ATV Expert’s Biomechanical Testimony Permitted Despite Lack of Formal Degree

    Court: United States District Court for the Eastern District of Missouri, Eastern Division
    Jurisdiction: Federal
    Case Name: C.C. v. Suzuki Mgf. Am. Corp.
    Citation: 2018 U.S. Dist. LEXIS 137022


    This case involves an all-terrain vehicle (ATV) accident. The plaintiff claimed the handlebar grip of his ATV slipped off while he was driving, causing him to lose control of the vehicle. The ATV then tipped over and the exposed handlebar impaled the plaintiff’s left leg. The plaintiff filed a product liability and negligence suit against the defendant, the ATV maker. The defendant retained an ATV expert witness to support their case.

    The ATV Expert Witness

    The ATV expert witness was a mechanical engineer with expertise in automotive control, stabilization, balance, crash repair, and safety systems for various vehicles, including ATVs. The plaintiff sought to exclude defense’s ATV expert witness testimony, arguing his views applied directly to the cause of the original incident and were therefore unrelated to this enhanced injuries lawsuit. The plaintiff also alleged the ATV expert’s opinions on biomechanics and human factors went beyond the limits of his knowledge. Specifically, the plaintiff contended that the expert was not qualified to give opinions on whether the grip was correctly applied, the warnings on the ATV, or whether a second rider was on the ATV when the accident occurred.

    The defendant responded that their ATV expert was familiar with ATV safety systems and was endorsed by the ATV Safety Institute, and, thus, qualified to opine on ATV safety warnings. Additionally, the defendant argued that the expert was qualified to testify regarding common ATV manufacturing practices and whether the handlebar grips had been adequately secured. The defendant cited the fact that the expert was an ATV enthusiast himself and had expertise evaluating ATV performance while riding under numerous conditions and utilizing grips.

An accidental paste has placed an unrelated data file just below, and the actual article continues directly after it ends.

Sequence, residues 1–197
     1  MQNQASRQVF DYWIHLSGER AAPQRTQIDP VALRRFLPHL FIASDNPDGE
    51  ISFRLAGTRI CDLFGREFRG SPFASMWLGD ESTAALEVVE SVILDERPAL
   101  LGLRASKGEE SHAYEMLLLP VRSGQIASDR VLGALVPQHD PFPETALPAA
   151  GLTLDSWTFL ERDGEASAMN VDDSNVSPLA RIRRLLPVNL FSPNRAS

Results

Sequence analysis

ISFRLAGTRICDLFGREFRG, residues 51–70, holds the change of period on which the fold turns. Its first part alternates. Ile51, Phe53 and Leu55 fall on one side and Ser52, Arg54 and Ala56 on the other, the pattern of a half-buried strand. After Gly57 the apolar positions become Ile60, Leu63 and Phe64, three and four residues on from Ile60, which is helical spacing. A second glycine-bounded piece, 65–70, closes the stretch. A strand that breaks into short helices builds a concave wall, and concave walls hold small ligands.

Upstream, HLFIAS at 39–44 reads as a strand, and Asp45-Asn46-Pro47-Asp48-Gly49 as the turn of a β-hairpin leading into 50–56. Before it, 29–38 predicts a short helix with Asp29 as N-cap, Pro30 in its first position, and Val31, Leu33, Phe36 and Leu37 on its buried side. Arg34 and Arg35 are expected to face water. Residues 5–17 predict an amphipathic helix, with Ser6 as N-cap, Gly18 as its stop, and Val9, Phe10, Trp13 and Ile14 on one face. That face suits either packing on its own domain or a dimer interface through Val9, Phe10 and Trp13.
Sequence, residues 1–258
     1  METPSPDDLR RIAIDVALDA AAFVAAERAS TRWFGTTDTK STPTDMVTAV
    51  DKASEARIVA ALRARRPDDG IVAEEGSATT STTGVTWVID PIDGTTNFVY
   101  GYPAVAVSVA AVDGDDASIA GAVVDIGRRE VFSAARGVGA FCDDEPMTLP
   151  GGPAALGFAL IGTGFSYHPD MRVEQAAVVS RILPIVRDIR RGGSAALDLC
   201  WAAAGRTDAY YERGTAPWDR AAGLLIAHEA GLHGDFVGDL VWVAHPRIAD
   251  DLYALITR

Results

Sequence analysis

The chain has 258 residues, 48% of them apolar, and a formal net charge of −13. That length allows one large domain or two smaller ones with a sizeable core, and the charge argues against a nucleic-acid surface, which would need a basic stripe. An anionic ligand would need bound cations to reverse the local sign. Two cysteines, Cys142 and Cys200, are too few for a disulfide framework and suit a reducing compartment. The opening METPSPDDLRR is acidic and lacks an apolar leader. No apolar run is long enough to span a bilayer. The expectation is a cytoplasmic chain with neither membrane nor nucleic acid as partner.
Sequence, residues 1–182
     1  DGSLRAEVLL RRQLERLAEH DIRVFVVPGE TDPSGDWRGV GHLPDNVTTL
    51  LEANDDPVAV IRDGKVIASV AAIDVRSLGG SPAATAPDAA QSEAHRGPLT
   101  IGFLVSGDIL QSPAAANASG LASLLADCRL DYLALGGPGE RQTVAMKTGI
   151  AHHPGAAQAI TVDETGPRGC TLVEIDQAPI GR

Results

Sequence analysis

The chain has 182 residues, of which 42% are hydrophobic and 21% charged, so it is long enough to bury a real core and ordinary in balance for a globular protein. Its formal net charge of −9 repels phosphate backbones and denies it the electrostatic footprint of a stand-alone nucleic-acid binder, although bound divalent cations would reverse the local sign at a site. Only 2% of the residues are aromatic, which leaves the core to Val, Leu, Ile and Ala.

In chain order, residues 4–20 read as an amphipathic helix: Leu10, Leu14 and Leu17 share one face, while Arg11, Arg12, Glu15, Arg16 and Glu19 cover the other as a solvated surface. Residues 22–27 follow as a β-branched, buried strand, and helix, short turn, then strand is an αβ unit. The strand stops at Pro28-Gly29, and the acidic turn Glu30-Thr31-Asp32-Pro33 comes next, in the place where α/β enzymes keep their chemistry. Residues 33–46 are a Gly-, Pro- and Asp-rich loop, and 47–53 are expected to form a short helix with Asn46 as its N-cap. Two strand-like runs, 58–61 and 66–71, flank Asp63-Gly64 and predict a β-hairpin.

Finally, the defendant argued that their expert was qualified to discuss the effect of a second rider on the ATV even though it involves biomechanics. The defendant claimed this was because the expert’s opinion focused on gross biomechanics and he had extensive research experience in biomechanics from a postgraduate program in mechanical engineering.


    The court found that the expert was sufficiently qualified to testify as an expert, even in the absence of a formal degree in biomechanical engineering. The court also noted that the expert was not an expert in human factors, but he had sufficient experience to provide opinions on the lack of warnings on the ATV and how the second rider would affect the ATV during the accident. The court asserted that the plaintiff’s complaint could be sufficiently addressed during cross-examination.

    The court, however, prohibited the ATV expert from testifying on how the mechanics of how the rubber grips were attached to the handlebars. Though the expert had experience riding ATVs, he had not worked in the ATV manufacturing industry and, thus, was not qualified to give opinions on what is popular among manufacturers. His other technical opinions on ATV manufacturing were also excluded.


    The motion to exclude the ATV expert witness’s testimony was granted in part and denied in part.